Psoriasis affects more than 8 million Americans and has been associated with a number of comorbidities. Aside from the quality-of-life impact, the disease has an economic impact, as well. Experts say there is a need to capture the true direct and indirect costs to improve outcomes for patients with psoriasis and psoriatic arthritis.
Of the 2%-3% of patients with psoriasis, 10%-30% develop psoriatic arthritis. And, while almost one in four psoriasis patients have moderate-to-severe disease, women and younger patients experience the greatest negative impact on their quality of life.1
Nearly 60% of people with psoriasis2 and 40% of people with psoriatic arthritis report their disease has a large effect on their everyday lives.3
Psoriasis is also associated with numerous comorbidities, including metabolic syndrome, diabetes, hypertension, obesity, hypercholesterolaemia, joint disease (psoriatic arthritis), depression and anxiety, liver and kidney disease, and malignancy, especially cutaneous T-cell lymphoma.
“It really is in the true sense of the word a systemic disease,” says Abby Van Voorhees, M.D., professor and chair of dermatology at Eastern Virginia Medical School, Norfolk, Va.
Patients with psoriasis also have an increased risk of early death,4 particularly from the consequences of cardiovascular disease, such as myocardial infarction.5 Cardiovascular disease appears to occur earlier in patients with psoriasis — and the increased risk is similar to that related to diabetes, she adds.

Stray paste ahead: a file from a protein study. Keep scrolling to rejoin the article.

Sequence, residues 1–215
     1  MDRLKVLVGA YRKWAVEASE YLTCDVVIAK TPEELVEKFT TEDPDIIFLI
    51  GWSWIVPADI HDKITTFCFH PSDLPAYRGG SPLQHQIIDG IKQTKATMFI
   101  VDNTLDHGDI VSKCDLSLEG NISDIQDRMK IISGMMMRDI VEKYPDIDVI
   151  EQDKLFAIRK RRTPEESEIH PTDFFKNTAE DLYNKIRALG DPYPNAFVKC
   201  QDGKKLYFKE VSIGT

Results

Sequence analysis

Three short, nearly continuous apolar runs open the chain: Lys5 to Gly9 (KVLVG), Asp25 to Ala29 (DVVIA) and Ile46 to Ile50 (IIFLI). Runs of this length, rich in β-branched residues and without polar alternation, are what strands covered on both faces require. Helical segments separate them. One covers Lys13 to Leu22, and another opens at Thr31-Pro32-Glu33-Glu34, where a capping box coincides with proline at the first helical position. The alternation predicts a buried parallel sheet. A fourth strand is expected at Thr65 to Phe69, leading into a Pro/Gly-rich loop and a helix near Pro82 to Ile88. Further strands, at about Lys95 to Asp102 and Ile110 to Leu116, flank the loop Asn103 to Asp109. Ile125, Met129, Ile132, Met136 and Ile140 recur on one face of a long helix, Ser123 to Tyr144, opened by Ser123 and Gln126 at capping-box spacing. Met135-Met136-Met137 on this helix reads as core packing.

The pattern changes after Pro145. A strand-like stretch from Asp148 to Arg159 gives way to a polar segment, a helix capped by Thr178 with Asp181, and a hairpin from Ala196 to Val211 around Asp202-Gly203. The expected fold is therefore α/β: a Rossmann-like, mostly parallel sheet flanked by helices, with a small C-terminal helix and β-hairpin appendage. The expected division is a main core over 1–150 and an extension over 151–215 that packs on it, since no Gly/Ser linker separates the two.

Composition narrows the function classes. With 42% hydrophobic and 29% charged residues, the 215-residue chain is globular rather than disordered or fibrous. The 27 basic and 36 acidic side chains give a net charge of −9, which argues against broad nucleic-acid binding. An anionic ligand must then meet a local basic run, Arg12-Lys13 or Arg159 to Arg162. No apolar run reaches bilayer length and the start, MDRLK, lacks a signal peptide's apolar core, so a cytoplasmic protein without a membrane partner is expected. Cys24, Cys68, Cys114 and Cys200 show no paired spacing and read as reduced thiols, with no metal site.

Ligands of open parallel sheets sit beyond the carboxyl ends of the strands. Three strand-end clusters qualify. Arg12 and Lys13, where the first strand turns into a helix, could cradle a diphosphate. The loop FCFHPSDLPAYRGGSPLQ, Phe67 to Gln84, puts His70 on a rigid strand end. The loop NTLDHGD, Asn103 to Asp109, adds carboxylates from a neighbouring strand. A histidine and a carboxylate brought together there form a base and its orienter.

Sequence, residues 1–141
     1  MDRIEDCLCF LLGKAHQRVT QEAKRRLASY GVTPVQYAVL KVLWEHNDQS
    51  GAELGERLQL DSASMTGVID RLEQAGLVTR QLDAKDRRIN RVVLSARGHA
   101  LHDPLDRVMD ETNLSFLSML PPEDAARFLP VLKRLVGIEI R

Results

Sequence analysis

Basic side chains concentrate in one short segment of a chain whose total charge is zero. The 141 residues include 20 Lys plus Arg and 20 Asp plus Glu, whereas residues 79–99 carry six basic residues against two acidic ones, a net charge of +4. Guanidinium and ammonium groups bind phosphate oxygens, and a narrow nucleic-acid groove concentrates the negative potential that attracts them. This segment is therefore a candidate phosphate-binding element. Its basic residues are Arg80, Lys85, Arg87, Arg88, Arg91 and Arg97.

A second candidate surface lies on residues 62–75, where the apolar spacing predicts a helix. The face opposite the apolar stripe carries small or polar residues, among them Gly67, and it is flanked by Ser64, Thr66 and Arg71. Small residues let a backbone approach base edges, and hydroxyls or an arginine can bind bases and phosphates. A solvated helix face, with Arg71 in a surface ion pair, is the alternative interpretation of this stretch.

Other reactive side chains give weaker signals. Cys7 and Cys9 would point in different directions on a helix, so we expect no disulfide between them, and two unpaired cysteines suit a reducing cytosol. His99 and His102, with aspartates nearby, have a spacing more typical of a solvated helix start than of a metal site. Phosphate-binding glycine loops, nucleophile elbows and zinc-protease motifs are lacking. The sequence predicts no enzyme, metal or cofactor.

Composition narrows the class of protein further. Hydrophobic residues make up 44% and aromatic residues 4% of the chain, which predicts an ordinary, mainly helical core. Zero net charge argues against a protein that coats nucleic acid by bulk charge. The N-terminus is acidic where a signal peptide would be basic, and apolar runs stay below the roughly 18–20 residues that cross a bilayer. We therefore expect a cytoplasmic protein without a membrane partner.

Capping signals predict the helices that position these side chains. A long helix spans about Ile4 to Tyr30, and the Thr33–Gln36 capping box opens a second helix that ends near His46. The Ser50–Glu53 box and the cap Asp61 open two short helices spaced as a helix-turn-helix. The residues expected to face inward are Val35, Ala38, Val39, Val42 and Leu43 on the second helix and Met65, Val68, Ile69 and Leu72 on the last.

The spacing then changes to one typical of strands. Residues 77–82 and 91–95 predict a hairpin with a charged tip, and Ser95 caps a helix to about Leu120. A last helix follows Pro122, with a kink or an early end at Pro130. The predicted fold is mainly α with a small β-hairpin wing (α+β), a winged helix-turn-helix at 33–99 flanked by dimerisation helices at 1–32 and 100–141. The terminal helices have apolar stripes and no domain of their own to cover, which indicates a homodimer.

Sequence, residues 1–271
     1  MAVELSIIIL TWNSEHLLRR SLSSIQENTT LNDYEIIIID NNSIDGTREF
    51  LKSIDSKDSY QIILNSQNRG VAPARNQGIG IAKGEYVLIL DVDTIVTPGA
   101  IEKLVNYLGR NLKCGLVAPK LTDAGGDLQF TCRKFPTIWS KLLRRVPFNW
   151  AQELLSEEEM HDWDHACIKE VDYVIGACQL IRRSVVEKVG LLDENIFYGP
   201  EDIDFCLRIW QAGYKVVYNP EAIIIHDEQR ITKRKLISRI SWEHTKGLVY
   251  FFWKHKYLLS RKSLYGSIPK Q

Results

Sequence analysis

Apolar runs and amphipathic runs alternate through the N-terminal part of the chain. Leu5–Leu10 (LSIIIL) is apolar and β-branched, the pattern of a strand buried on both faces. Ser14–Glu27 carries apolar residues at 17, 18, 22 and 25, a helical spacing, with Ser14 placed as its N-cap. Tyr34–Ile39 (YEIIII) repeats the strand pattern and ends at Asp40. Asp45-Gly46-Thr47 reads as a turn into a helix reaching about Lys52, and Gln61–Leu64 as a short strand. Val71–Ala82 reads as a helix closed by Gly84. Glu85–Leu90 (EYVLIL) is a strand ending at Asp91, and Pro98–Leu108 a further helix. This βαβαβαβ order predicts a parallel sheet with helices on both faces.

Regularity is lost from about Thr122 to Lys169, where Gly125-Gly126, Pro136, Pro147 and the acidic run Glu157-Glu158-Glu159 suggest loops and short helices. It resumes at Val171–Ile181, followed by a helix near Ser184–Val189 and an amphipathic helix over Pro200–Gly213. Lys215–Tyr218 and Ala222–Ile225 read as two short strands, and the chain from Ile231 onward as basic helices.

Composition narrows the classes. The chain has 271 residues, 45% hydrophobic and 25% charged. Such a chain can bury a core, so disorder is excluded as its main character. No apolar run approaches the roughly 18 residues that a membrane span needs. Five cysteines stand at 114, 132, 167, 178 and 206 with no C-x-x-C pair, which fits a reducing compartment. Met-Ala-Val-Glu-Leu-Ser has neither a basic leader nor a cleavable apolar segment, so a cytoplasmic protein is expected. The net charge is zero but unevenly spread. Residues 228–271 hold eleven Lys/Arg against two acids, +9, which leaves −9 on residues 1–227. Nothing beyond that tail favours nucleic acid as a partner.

A real-world study looking at U.S. patients with psoriasis found the most prevalent comorbidities to be hyperlipidemia (48.6%), hypertension (44.7%), depression (18.7%), type 2 diabetes mellitus (18.3%), and obesity (15.0%).6
“A substantial proportion of patients with psoriasis have comorbid conditions that should be considered when formulating a treatment and management plan,” says Steven Feldman, M.D., of the department of dermatology, Wake Forest University School of Medicine, Winston-Salem, N.C., who was a researcher on this study.
“These conditions can complicate treatment of patients with psoriasis. The choice of treatment may have intended or unintended effects on some of the common comorbidities,” he adds.
1. Gelfand JM, Feldman SR, Stern RS, Thomas J, Rolstad T, Margolis DJ. Determinants of quality of life in patients with psoriasis: a study from the U.S. population. J Am Acad Dermatol. 2004 Nov;51(5):704-8.
2. Stern RS, Nijsten T, Feldman SR, Margolis DJ, Rolstad T. Psoriasis is common, carries a substantial burden even when not extensive, and is associated with widespread treatment dissatisfaction. J Investig Dermatol Symp Proc. 2004 Mar;9(2):136-9.
3. Gelfand JM, Gladman DD, Mease PJ, Smith N, Margolis DJ, Nijsten T, Stern RS, Feldman SR, Rolstad T. Epidemiology of psoriatic arthritis in the population of the United States. J Am Acad Dermatol. 2005 Oct;53(4):573.
4. Springate DA, Parisi R, Kontopantelis E, Reeves D, Griffiths CE, Ashcroft DM. Incidence, prevalence and mortality of patients with psoriasis: a U.K. population-based cohort study. Br J Dermatol. 2017 Mar;176(3):650-8.
5. Wu JJ1, Choi YM, Bebchuk JD. Risk of myocardial infarction in psoriasis patients: a retrospective cohort study. J Dermatolog Treat. 2015;26(3):230-4.
6. Shah K, Mellars L, Changolkar A, Feldman SR. Real-world burden of comorbidities in US patients with psoriasis. J Am Acad Dermatol. 2017;77:287-92.
7. Brezinski EA, Dhillon JS, Armstrong AW. Economic Burden of Psoriasis in the United States: A Systematic Review. JAMA Dermatol. 2015;151(6):651-8.
8. Armstrong AW, Robertson AD, Wu J, Schupp C, Lebwohl MG. Undertreatment, treatment trends, and treatment dissatisfaction among patients with psoriasis and psoriatic arthritis in the United States: findings from the National Psoriasis Foundation surveys, 2003-2011. JAMA Dermatol. 2013;149(10):1180-5.
9. Korman NJ, Zhao Y, Pike J, Roberts J, Sullivan E. Patient satisfaction with current psoriasis treatment: a real-world study in the USA. Dermatol Online J. 2016;22(2).